I have had a bunch of coffee shops sitting in my email cache for a while and thought I would just clear them out. As always, if I end up going to one of these places in the future, I will expand on their comments. If it’s good enough, I will create a separate post. For now, bask in the mass of coffee options in the Jeonpo/Seomyeon area of Busan, South Korea!

135. 1 Liter Coffee (Seomyeon): Remember in a previous post when I posted about “The Liter” coffee shop? You would be forgiven if you were thinking, “Coffee Man, why are you posting about that same place a second time?” Oh, but I am not, grasshopper. This is “1 Liter Coffee.” Ignore that the fonts, color scheme and theme (a shot of espresso and huge-ass cups filled with hot water to give the impression you’re getting a seriously big-ass coffee) are exactly the same, and you might be able to tell them apart. This is not the first time this has happened in Korea, and it’s likely not the last. I did get a cup of coffee here (aforementioned “big-ass” size), with an extra shot of espresso (for 500 won more, still not bad price at all) and it was fine. Unnecessarily large, but fine.
136. Bricks Coffee (Seomyeon): A very cute coffee shop in a bustling section of downtown Seomyeon. A friend of mine regularly hosts Thursday night board game nights here.
137. Ethiopia (Seomyeon): On the main road that separates Seomyeon with adjacent Jeonpo, the owner of this indie coffee shop at one time came out to my table to give us samples of a cold brew of his. A Korean friend was able to tell us that he was asking us to let the coffee settle on the back of our tongues before we swallowed, and this was a coffee to be enjoyed instead of chugged. Nice place, decent coffee.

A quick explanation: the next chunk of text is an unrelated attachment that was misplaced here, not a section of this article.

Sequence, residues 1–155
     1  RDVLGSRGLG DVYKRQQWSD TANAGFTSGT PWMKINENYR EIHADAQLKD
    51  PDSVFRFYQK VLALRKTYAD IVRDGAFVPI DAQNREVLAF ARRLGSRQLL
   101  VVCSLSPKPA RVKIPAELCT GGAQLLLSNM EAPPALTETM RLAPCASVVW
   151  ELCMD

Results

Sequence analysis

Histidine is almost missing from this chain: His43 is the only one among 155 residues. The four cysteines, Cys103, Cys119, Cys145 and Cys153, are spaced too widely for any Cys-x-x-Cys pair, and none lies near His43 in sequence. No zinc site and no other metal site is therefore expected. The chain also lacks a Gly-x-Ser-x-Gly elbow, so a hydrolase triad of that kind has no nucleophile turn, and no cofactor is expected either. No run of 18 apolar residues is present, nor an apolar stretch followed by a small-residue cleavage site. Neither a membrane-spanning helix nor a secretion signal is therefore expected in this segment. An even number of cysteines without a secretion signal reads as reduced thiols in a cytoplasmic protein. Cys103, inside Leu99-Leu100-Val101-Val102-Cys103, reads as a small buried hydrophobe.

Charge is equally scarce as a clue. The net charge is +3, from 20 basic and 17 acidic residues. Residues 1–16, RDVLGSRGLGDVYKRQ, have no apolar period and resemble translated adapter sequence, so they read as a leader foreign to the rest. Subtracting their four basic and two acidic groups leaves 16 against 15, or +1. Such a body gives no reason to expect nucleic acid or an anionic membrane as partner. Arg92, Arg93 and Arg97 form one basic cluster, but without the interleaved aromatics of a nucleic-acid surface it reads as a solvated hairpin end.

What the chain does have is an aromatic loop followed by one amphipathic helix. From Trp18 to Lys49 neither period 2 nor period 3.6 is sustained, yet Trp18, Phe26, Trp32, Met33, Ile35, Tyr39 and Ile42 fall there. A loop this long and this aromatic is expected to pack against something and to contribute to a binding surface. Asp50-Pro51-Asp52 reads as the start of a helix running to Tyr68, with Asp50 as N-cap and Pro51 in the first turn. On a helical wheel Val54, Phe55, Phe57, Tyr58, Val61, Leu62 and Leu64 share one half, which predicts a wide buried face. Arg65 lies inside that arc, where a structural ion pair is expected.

138. Coffee Salon (Jeonpo): The word “salon” appears to be used improperly on a number of coffee shops. Or, I just never knew it could be used in this way. Anyway, I went here once and their ordering system has you ringing a bell (a freakin’ bell!) and the coffee man comes to your table to take your order. Unnecessarily posh for any of us.
139. Corcovado (Jeonpo): Located near the too-post Coffee Salon. This place was fine. But, in the Korean coffee game, “just fine” means, “I’ll never be back.”
140. Cafe Drink B (Jeonpo): On a second floor near numbers 138 and 139. When I first moved to this area earlier this year, I thought this place was closed as it was, indeed, closed all the time. In the past several months, it has been open normal business hours. Never been inside, though.
141. Cafe J. Mi (Jeonpo): In Korea, 재미 (jae-mi) means to be fun, to be enjoyable. So–and I cannot confirm this–it appears this cafe is playing up on the Korean words for “to be fun.” Maybe? The interior looks cold and far less fun than I’d care to experience, however.
142. Speedjobs with cafe (Seomyeon): The name of this place just makes me giggle.
143. Dundas (Jeonpo Cafe Street area): Oh, Korean coffee shop, why? Why didn’t you use spellchecker before you had the sign maker note your “spetialty”? Have yet to visit.
144. Hafencity (Jeonpo Cafe Street area): “a Cup a day, a Book a month, a Journey a year.” Wise words that may or may not have been lifted from the Internet. This cafe and the remaining two following it are in a section of the popular “Jeonpo Cafe Street” area that still are industrial-majority (you can see as much in the window’s reflection). The whole area at some point was various welders, craftsman, repairman and the like, which have been over the past several years or so shut down and been replaced by restaurants, coffee shops and so on. I was enjoying an early Sunday morning ride when I stumbled upon these, on side roads one would have likely not assumed a coffee shop would exist. They do, because this is Korea. And Korea likes coffee.
145. The Bridge Coffee Lab (Jeonpo Cafe Street area): Sounds like super secret experiments are taking place within.
146. K’Cafe 835 (Jeonpo Cafe Street area): Peakaboo, I see you!